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It’s My Penis and I’ll Cry If I Want To, written and produced by Jamie Black and playing at the Toronto Fringe Festival, isn’t particularly bawdy, as the title might suggest. Instead, it’s a sweet, earnest show about gender roles, far more Lesley Gore than Lady Gaga in tone (though the latter is what’s on the soundtrack). It’s charming and heartfelt, but feels oddly unfinished, a bit like the conversation about gender itself. Black, opening by taking the stage in an undershirt and briefs, tells the audience he has spent time both as a woman and as a man, so more than most he knows how truly convoluted and screwed up gender relations have been and continue to be. Via this presentation-style confession, I was initially convinced that this show was going to be purely autobiographical. Instead, it’s largely character-based, which means it may take a while to pick up the narrative thread, such as it is. To present a variety of views, Black uses a series of vignettes. To show off the broadest stereotypes, he first makes an amusing comparison between an aggressively male boot camp and a submissively female…beaut camp? Thankfully, it gets more nuanced from there. He then showcases three sets of characters, the pairs seemingly disconnected from each other. These heterosexual couples, who are at different stages in both their lives and their desires to gender-bend, show the male vs. the female perspectives on various gender-based issues, including who seduces whom who provides for whom, and who supports whom.

There’s the nervous male virgin who worries about his overweight conquest, and the woman herself who turns out to be the real conquistador; there’s the man who wants to embrace a more sensitive side and the woman who won’t let him, wishing instead that he’d focus on his provider role. Finally, there are the characters who are open and true to themselves, despite the bravery that might require. Black does a fine job of portraying both male and female characters. His particular strength is his embodiment of both Henry and Bea, an elderly couple who, unlike the rest of the cast of characters, have learned to be completely honest with each other. It’s here where the acting really shines and I felt myself slipping into the characters’ lives, less aware of the well-meant lecture lurking beneath. I actually would have loved to see more of them, perhaps in a fuller show. Black’s is a good voice to hear, with a strong message to listen to, despite the woes of a truly anarchic sound board (handled with grace and aplomb by all involved). The limited focus was also fairly narrow on the type of relationships being explored, but that’s probably smart; there is a ton to unpack about gender and sexuality, and no show can say it all. However, though everything was clearly on the same theme, I wish there had been more connective tissue between the sections, and perhaps something to wrap everything up at the end; it didn’t quite feel cohesive. This meant that both the experience and the message were less satisfying than they could have been. Running a little under 45 minutes, the show, like our perceptions of gender essentialism, still has plenty of room to play and grow.


​​Jamie Black has written a play about gender: the traditional ways we define them, the extremes thereof, and the toxic manifestations that result. The play has a lot of potential but as it stands it’s a bit choppy: the introduction gives us a bit of history about Black, but I wanted to hear more about his own struggle with gender. Instead he quickly moves into talking about the extreme stereotypes he grew up with, and then finally transitions for the bulk of the show into a series of monologues depicting three relationships from both the man’s side as well as the woman’s. Something that would make this production instantly better would be to use actual props for what he mimes – a deck of cards, a photo album, a cigarette. Those items would help ground each character’s monologue, and give the audience something concrete to associate with each beat of the story. Each character is fairly well developed (the men better than the women) and the performances could be a bit more polished, but Black’s natural charm and talent shine through and he so easy connects with the audience that I found myself in tears by the end of the show.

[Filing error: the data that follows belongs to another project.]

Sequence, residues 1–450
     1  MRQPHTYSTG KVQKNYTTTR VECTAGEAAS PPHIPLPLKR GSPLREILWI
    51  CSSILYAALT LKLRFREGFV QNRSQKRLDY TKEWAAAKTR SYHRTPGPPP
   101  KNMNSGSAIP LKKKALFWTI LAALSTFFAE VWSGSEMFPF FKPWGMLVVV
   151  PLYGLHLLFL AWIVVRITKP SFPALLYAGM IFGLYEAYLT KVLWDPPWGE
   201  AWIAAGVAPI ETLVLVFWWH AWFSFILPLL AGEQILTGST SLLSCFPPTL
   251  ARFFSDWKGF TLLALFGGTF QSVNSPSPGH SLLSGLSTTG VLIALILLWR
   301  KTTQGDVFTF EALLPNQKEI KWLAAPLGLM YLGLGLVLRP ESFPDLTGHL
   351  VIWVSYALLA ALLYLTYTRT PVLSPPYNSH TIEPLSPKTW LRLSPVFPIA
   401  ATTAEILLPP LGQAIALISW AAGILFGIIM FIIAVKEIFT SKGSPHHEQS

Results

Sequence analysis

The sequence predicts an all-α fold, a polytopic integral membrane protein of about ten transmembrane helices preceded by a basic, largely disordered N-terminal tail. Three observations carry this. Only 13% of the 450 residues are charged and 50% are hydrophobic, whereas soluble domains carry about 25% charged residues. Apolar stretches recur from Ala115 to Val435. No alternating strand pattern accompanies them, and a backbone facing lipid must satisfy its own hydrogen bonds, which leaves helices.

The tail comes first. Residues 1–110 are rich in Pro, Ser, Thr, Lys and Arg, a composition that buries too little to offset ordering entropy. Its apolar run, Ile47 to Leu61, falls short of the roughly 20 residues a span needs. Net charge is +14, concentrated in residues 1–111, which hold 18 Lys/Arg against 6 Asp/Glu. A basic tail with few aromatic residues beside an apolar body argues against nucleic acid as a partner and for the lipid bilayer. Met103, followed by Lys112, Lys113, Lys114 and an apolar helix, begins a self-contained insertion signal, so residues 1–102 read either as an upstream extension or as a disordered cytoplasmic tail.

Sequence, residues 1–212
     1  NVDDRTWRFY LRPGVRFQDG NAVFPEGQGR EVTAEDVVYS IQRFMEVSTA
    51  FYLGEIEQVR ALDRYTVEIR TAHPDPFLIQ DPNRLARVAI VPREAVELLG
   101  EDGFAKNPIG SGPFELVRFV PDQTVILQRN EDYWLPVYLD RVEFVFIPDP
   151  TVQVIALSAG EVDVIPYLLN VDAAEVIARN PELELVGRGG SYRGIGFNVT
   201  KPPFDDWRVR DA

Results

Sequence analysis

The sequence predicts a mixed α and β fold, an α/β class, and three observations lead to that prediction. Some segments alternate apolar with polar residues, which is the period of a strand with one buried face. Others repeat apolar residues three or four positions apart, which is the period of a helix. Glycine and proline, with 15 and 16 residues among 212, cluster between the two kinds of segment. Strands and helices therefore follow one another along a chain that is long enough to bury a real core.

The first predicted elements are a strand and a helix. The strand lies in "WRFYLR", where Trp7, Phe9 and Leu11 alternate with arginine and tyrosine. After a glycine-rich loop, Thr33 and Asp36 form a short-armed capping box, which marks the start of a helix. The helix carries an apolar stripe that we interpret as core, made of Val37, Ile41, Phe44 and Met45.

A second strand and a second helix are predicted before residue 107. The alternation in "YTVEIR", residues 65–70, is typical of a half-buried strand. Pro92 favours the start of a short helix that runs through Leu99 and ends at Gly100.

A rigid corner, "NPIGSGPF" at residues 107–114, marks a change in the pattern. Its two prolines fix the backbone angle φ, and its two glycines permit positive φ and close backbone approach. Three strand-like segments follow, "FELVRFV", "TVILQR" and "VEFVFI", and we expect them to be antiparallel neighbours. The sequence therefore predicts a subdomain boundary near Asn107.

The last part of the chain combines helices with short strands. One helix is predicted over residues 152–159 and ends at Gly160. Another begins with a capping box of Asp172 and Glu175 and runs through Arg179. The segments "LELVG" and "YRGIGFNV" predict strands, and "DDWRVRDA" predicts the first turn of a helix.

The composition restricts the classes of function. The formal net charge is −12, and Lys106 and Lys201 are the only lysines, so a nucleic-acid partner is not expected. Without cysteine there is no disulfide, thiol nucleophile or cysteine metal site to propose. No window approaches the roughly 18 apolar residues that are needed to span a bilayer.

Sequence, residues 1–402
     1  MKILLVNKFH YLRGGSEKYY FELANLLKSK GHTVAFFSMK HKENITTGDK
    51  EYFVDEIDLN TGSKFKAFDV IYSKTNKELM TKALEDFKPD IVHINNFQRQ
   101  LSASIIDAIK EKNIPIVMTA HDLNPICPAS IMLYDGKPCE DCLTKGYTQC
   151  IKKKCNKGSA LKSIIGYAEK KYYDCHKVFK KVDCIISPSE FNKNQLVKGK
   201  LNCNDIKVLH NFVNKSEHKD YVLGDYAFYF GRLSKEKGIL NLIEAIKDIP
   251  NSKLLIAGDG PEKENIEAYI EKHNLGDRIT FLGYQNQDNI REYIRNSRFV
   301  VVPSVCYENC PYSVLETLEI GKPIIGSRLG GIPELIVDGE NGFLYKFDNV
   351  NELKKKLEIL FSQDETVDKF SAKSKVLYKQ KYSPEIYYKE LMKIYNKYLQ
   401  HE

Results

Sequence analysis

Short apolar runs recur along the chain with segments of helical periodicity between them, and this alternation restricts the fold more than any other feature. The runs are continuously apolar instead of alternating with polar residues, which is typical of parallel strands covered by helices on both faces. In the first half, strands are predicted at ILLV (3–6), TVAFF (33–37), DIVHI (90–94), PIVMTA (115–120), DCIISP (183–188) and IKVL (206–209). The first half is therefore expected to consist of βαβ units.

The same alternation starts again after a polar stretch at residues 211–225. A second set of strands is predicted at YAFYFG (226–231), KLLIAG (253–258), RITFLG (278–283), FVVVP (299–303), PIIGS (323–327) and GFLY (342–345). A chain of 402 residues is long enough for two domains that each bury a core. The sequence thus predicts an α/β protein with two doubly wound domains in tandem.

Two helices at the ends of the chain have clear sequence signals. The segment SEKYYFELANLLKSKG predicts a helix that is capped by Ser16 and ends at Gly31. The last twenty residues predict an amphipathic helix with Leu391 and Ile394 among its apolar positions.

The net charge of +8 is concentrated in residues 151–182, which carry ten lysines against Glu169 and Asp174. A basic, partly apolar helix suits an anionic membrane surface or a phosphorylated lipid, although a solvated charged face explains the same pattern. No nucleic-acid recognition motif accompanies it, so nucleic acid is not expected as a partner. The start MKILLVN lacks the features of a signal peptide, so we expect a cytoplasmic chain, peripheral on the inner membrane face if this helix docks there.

It’s My Penis and I’ll Cry If I Want To is a 45-minute one-man show exploring the nuances of gender, often humorously, always movingly and inextricably linked to the many characters portrayed by Jamie Black in this seasoned performance that has run for several years in the fringe circuit. Running at the Pride Arts Center through February 11, It’s My Penis and I’ll Cry If I Want To is a good way to melt away some of the grim realities of winter with a friend or two over a few introspective, gender-bending vignettes.

It is a real pleasure to watch Black seamlessly transition with ease between his male and female characters, magically embodying each person, each portrayed with sympathy and love for their quirks. Perhaps this gender fluidity Black expresses is only incidental to the plot, or perhaps it is a conscious choice to illustrate his point, that in emphasizing a gender binary, we have ripped apart the yin yang fabric of the universe. In only 45 minutes, we get to meet two college kids after a hook up, a married couple struggling with their roles, and an elderly dying man and his mourning widow.

We learn early on that Black is a trans man. In the first of several short scenes, Black outs himself by appearing in his underwear, feeling vulnerable, and confessing it. For a few minutes it appears as if the show will continue along these lines, as a series of confessional monologues about his paradoxical feeling of not being at home in a man’s world, or a woman’s. In perhaps unduly facile descriptions, Black explores how each stereotype limits his self-perception and makes him feel boxed in or as if he is not enough. Fortunately, Black quickly abandons the non-illusory monologue to explore his characters, and this is where Black is able to best make his point understood. The message is that foisting gender-specific behaviors and expectations on to a person is damaging to that person and their relationships. And also, women can be as badass and tough as men can be giving and soft. It’s not as if the message is revolutionary, but it is delivered with the spot-on renditions of relationship dynamics that ripple through the one-on-one connections he presents.